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Thatcher, at Union Univ., urges Western nations to stand firm

JACKSON, Tenn. (BP)–In an address at Union University, former British Prime Minister Margaret Thatcher challenged Western nations to stay firm in their support of democratic values in the face of challenges posed by dictators and economic difficulties around the globe.
Thatcher’s address to more than 1,700 people was part of the annual scholarship banquet at the Baptist-affiliated college in Jackson, Tenn., and also marked the conclusion of a national conference on “Christian Faith and Public Policy” sponsored by Union’s Center for Christian Leadership. Her address was titled, “Challenges Facing the 21st Century.”
Thatcher observed the 20th century has been characterized by an ongoing conflict between two forms of government: democratic governments, which draw their power from the people, and collectivist states, which impose their will upon the people.
“We now know that states, societies and economies which allow the distinctive talents of individuals to flourish, themselves also flourish,” Thatcher said. “And those which dwarf, crush, manipulate or ignore those talents cannot progress. It’s only Western civilization that has discovered this secret of continual progress, because it’s only Western civilization that has developed a culture in which individuals matter, a society in which private property is secure, which backs up the freedom of the individual, and a political system in which a range of competing views is accommodated.”
The twin foundations on which democratic governments are built are religious values and a commitment to the rule of law, according to the former prime minister.
“The moral foundation of this system is the Judeo-Christian outlook — the message of the Old and New Testament, that each and every person matters,” Thatcher asserted. “The system’s institutional foundation is the rule of law and parliamentary government. The cause of limited government is one which has endured and is spreading, and is a tribute to our Western civilization, to our fundamental beliefs.”
Despite the apparent triumph of democratic values, Thatcher insisted Western governments must be alert to potential challenges from various opponents, from totalitarian dictators to militant Islamic states.
“Fewer than half the world’s countries are democracies,” she pointed out. “The political conflict between collectivism and freedom is not yet over. We have to fight boldly and persuasively the intellectual and practical battle for freedom as it faces new challenges.”
An example of that growing danger is the development of biological and chemical weapons among states like Iraq and the acquisition by “rogue states” of nuclear technology from Russia and North Korea. The result, Thatcher noted, is, “For the first time in my lifetime, the comparatively small states have enormous force and terror weapons at their disposal and are far stronger in proportion to their size than any previous generation of small states has been. We have constantly to be on our guard; we have constantly to see that our defenses are always kept strong, and that they are always more advanced technologically of any other nation.”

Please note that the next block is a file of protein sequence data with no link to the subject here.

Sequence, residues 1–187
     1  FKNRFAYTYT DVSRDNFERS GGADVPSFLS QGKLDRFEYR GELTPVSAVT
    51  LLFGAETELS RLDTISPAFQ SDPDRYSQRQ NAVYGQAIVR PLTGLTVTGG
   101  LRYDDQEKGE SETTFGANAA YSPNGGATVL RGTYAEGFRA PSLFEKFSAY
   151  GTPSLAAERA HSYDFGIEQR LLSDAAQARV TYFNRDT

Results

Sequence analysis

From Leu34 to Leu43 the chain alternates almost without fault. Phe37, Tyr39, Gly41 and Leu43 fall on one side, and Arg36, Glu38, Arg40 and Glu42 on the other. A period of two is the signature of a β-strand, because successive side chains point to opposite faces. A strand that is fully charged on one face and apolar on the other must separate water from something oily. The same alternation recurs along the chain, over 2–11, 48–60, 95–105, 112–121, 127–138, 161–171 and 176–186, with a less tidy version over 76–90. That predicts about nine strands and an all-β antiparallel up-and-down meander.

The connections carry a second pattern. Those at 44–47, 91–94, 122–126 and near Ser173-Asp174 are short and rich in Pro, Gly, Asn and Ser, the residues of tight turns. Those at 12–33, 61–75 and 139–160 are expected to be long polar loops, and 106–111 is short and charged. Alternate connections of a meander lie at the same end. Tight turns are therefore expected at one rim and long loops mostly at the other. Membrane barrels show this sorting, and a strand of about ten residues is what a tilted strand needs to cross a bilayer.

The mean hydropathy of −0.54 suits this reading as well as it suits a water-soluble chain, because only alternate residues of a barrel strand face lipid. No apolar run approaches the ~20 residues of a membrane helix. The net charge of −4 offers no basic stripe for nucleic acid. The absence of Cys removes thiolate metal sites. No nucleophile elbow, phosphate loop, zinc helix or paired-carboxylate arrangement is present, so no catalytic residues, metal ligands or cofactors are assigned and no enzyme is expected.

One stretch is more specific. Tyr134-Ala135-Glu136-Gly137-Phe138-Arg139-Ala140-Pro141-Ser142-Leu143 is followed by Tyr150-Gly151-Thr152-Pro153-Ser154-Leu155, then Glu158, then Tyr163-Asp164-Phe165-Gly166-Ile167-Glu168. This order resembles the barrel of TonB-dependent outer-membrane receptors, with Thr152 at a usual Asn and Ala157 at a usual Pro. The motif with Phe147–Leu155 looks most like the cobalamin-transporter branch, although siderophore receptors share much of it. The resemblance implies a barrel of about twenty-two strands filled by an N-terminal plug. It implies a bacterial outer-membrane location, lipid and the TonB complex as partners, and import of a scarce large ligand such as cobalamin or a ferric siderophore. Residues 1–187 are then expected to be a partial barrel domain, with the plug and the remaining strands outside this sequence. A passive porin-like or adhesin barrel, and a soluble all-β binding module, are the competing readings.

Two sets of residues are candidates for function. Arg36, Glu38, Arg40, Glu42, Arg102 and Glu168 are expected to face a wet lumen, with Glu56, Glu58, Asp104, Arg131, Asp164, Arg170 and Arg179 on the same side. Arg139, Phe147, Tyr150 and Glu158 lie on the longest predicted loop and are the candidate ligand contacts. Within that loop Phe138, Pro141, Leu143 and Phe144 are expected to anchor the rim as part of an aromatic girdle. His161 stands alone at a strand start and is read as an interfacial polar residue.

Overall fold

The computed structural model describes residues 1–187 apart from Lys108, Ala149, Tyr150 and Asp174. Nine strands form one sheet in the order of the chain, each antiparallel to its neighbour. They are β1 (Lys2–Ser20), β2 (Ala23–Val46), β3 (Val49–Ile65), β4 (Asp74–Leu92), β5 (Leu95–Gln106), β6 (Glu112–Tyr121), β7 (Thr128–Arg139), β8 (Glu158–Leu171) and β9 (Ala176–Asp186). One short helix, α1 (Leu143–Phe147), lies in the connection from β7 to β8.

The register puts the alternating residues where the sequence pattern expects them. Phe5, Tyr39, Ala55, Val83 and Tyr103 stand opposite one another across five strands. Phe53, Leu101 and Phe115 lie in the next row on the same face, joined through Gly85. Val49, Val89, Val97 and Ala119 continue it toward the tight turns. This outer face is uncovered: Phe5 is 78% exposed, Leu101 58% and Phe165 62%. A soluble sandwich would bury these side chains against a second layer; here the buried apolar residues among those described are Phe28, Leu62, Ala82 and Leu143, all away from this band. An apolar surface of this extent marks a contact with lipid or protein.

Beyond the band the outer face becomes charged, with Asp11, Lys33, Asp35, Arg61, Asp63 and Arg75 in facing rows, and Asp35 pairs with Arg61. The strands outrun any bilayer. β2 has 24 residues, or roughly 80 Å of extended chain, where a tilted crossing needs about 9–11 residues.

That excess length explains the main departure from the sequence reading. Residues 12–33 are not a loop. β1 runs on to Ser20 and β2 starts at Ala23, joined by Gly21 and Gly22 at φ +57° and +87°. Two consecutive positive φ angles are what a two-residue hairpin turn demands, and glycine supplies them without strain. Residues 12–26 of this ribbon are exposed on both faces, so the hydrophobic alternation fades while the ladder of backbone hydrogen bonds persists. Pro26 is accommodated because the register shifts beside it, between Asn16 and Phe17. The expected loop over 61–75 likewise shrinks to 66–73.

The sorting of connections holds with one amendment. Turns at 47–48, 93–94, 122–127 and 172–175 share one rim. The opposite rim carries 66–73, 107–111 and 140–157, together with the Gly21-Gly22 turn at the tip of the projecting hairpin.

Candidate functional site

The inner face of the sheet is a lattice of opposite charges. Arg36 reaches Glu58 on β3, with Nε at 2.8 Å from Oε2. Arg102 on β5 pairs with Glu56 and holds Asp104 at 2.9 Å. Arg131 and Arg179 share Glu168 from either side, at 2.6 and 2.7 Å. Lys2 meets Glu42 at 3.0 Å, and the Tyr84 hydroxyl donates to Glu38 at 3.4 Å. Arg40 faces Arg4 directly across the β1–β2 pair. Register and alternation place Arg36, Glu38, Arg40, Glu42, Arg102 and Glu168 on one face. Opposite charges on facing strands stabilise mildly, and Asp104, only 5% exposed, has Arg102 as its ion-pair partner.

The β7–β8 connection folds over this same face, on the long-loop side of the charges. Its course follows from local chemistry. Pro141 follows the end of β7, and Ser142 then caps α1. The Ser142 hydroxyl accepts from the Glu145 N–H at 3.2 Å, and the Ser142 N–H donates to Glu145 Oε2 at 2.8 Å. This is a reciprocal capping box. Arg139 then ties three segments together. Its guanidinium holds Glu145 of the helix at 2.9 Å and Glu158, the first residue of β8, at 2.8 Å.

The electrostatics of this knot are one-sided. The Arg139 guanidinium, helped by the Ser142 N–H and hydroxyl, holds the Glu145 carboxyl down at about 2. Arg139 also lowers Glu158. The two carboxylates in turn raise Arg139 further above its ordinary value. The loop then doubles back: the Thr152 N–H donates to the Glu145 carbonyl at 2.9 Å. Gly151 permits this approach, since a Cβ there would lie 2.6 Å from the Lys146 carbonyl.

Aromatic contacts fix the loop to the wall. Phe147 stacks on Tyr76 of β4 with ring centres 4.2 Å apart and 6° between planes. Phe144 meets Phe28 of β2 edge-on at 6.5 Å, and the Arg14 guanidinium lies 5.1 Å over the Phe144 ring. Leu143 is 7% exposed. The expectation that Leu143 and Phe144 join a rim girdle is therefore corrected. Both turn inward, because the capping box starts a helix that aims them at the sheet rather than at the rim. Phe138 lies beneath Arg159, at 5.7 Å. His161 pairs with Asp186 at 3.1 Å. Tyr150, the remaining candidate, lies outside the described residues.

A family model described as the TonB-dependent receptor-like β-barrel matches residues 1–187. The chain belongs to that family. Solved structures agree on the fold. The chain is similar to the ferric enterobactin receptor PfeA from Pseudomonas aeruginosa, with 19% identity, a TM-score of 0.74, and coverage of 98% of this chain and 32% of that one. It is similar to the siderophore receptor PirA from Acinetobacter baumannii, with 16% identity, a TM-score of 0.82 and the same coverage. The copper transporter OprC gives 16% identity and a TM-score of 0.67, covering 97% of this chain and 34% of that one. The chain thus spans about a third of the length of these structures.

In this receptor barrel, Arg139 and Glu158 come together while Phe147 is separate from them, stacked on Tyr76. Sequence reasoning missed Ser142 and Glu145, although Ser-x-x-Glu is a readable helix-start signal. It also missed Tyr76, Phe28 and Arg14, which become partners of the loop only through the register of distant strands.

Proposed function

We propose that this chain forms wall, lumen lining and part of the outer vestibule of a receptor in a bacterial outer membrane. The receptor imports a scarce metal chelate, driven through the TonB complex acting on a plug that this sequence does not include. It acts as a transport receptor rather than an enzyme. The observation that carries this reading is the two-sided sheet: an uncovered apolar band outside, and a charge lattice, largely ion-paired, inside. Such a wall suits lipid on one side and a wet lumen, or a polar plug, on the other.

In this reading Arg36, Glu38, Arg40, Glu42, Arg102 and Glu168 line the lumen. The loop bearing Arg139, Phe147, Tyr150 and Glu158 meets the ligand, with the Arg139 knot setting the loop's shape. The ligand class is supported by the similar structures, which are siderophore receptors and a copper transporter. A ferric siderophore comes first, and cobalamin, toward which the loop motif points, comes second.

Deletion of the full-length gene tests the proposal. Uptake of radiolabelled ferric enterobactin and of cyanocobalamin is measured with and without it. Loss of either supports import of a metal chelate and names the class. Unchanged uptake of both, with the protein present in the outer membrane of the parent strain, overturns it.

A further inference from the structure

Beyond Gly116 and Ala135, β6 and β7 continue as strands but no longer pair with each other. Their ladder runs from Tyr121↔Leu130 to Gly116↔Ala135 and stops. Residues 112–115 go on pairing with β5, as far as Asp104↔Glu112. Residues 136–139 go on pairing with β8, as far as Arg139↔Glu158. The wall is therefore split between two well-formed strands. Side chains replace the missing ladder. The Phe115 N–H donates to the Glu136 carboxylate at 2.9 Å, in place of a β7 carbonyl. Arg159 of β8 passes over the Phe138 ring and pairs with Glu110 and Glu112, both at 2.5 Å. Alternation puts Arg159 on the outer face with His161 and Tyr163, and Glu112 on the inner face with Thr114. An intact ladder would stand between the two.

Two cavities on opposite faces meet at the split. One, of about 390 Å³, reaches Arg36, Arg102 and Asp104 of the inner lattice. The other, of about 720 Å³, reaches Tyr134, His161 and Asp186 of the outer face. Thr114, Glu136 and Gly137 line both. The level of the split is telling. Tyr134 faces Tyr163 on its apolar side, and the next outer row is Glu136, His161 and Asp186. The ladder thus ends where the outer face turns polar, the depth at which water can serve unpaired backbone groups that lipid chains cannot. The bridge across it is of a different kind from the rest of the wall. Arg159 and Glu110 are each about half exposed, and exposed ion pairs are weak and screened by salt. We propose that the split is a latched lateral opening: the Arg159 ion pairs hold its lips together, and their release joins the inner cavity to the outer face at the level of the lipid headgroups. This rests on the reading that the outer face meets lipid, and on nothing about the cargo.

The need for the West to maintain military supremacy in order to protect democratic values was underscored by Thatcher.
“There’s never any lack of potential aggressors,” she stated. “That means we must always, in the West, maintain military superiority over any other nations — not only military superiority in numbers, but as Ronald Reagan knew, military superiority in the most advanced research, translated into the most advanced weaponry, with other countries knowing they could never rival [the West]. … That is the only way we can conserve and gradually extend the way of life of liberty and law.”
One of several other topics cited by Thatcher was the move to a common European currency, which she called “a wretched idea.” Emphasizing that a loss of control of currency leads to a loss of sovereignty, Thatcher noted, “What sort of country is it that gives up control of its own finances to another group? I would have supreme contempt for any prime minister who dared give [this] up after all our history because, if you haven’t gotten control over your finances, you haven’t gotten control of your actions.”
Thatcher led Britain’s Conservative Party from 1975 until her resignation as prime minister in November 1990. She was the first woman to hold the office and the first British prime minister in this century to occupy the office for three consecutive terms.
A graduate of the University of Oxford, Thatcher worked as a research chemist before studying for the bar and becoming an attorney. She was first elected to the House of Commons in 1959. She led the Conservative Party to electoral victory in 1979 and guided Great Britain to a victorious resolution of the Falklands War with Argentina. Throughout her three terms as prime minister, Thatcher opposed the socialist programs of Britain’s Labour Party and sought to reduce the role of the government in the nation’s economic and social life.
The Union Scholarship Banquet is sponsored by the university’s Board of Presidential Associates, an organization whose members support the mission and work of the university. Participation in the 1998 banquet, through sponsorships and individual tickets, provided more than $200,000 in financial support

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  • Michael Duduit